Early embracers of the sustainability ethos such as Interface’s Ray Anderson have notched up 10 years’ experience – he is convinced that it enhances every aspect of shareholder value, says Lovins. While Anderson’s epiphany was originally prompted by employee concerns, others are pushed by impacts on public or personal image. CityBank led global banking’s embrace of the Equator Principles (a benchmark for the financial industry to manage social and environmental issues in project financing) in part because of activist-led negative publicity that included ads naming its CEO as being No 3 worst person on the planet for the environment.
“He didn’t know how he could explain that to his grandkids,” says Lovins. The outcome is that some 30 banks around the world now pledge to adhere to those principles when it comes to deciding which projects merit financial support.
In the face of what Lovins describes as “bipartisan abdication of responsibility” by US political leaders on Kyoto and emission reductions, business people are taking the initiative. One example is Chicago trader Richard Sandor who, late in 2003, created his own carbon trading market, the Chicago Climate Exchange, which now boasts more than 200 members.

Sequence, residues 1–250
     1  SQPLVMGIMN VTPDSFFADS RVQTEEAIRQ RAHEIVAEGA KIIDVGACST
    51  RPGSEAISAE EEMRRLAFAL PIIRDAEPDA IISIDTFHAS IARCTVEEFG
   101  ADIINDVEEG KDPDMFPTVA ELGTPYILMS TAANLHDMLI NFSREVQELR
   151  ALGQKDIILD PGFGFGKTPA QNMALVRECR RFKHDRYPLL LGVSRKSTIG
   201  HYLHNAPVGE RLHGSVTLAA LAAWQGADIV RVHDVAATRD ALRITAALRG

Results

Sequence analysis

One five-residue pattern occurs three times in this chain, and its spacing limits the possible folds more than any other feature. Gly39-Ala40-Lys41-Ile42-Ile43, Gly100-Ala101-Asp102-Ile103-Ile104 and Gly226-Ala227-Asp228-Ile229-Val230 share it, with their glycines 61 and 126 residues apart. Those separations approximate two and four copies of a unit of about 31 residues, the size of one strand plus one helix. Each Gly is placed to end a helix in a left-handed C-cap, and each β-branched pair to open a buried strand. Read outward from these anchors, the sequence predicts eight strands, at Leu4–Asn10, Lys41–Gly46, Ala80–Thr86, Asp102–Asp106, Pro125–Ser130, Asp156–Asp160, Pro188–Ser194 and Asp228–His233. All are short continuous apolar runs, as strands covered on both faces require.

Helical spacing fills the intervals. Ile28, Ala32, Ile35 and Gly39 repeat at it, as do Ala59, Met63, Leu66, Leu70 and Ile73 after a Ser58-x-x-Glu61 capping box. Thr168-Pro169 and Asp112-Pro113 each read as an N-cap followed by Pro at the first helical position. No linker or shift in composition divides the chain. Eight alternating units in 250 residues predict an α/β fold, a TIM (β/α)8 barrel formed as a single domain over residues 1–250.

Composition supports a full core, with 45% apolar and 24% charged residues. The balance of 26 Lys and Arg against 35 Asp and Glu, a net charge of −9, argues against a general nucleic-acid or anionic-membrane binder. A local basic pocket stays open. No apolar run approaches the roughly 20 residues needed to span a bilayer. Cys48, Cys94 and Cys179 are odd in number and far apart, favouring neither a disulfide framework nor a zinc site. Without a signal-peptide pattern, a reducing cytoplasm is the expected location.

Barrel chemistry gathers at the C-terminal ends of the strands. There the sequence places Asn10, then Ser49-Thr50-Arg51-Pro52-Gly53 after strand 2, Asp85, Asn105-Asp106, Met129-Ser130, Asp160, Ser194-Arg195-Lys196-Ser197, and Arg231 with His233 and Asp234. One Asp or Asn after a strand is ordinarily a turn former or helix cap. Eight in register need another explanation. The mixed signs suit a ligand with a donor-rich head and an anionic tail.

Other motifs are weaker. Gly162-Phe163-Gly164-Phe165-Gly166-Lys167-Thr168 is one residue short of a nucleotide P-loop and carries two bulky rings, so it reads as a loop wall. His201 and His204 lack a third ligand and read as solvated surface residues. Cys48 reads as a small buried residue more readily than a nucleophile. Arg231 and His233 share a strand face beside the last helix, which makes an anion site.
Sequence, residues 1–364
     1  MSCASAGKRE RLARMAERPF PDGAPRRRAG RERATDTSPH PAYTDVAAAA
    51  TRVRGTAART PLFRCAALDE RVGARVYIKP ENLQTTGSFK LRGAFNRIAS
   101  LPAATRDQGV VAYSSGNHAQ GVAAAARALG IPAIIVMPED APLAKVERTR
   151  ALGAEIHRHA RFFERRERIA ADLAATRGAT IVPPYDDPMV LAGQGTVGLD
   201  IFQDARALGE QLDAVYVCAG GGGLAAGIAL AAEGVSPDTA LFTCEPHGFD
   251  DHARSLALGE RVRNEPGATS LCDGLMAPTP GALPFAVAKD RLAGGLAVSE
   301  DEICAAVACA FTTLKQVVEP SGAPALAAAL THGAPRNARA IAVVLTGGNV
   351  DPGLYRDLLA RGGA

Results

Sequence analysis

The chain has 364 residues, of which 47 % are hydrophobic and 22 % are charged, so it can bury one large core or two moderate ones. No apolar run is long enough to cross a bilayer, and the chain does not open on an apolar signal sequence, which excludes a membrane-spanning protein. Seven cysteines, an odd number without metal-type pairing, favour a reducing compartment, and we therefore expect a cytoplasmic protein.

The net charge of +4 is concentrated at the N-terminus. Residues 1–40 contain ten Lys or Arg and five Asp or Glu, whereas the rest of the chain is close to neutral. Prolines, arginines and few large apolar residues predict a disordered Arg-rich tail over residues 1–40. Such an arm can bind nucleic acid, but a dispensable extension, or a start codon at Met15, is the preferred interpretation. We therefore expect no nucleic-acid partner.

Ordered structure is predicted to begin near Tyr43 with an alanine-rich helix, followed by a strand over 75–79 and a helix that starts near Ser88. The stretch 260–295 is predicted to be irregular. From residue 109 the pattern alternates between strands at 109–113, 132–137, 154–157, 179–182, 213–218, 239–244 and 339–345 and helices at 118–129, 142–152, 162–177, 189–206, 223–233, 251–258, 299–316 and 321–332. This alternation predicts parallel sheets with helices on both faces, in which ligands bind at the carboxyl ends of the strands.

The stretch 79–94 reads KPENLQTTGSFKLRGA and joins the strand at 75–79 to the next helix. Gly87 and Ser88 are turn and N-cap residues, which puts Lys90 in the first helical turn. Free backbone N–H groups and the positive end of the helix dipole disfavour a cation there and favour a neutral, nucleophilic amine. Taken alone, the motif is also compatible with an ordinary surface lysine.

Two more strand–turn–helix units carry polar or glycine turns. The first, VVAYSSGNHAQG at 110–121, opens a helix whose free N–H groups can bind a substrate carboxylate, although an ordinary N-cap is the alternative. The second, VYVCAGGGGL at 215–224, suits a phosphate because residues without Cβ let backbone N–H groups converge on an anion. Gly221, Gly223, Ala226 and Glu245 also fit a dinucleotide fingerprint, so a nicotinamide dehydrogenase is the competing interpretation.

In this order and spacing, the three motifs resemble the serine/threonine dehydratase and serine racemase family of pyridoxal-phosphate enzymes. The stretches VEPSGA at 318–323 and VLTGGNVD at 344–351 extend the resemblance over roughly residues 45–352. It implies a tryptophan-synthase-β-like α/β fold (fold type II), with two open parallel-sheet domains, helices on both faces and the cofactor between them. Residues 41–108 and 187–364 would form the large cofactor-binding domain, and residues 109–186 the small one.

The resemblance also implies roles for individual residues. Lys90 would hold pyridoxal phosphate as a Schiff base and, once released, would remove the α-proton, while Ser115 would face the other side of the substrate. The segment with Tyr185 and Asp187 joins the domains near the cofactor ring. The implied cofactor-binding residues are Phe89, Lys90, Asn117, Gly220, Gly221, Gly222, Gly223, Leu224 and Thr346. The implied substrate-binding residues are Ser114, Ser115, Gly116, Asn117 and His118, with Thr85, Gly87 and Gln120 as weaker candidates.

Companies like SP Microelectronic and Du Pont have set their own carbon reduction targets that will be met at no business expense – but alongside enhanced productivity and profitability. Even heavy emitters like BP, which announced 10 percent reduction over its 1990 levels by 2010, found the task easier than expected.
“It might not sound lot but 10 percent is more than my country said it could not afford to do under Kyoto and BP is carbon intensive so thought it was stretch. What surprised them was it took just two years to do it and is saving them $750 million in present value,” says Lovins.
She reels off the positives most companies have discovered after starting their sustainability journey.
“It drives their innovation, cuts costs, motivates their workforce – and that could be the most important business case reason – and it reduces their risk. You have leading reinsurer like Swiss Re now saying if you as company don’t take your carbon footprint seriously then perhaps we as company don’t want to insure you or your officers and directors.”
A sign of changing times is the Carbon Disclosure Project, UK-based NGO which for years has been sending out survey asking top companies to disclose their carbon footprint. Last year, says Lovins, it got 60 percent response rate in part because it represents institutional investors who have very deep pockets.
“If you’re going to the marketplace, then it’s worth answering their questionnaire. So we’re starting to get the socially responsible investment movement coming together with the sustainable companies movement and the activist movement.
“Actually I think things are moving incredibly rapidly. I’ve been doing this for the best part of 30 years and now, as at no time previously, I can see things happening everywhere. We don’t need to push – we’re running to catch up. This train is leaving the station and companies ignore it at their peril.”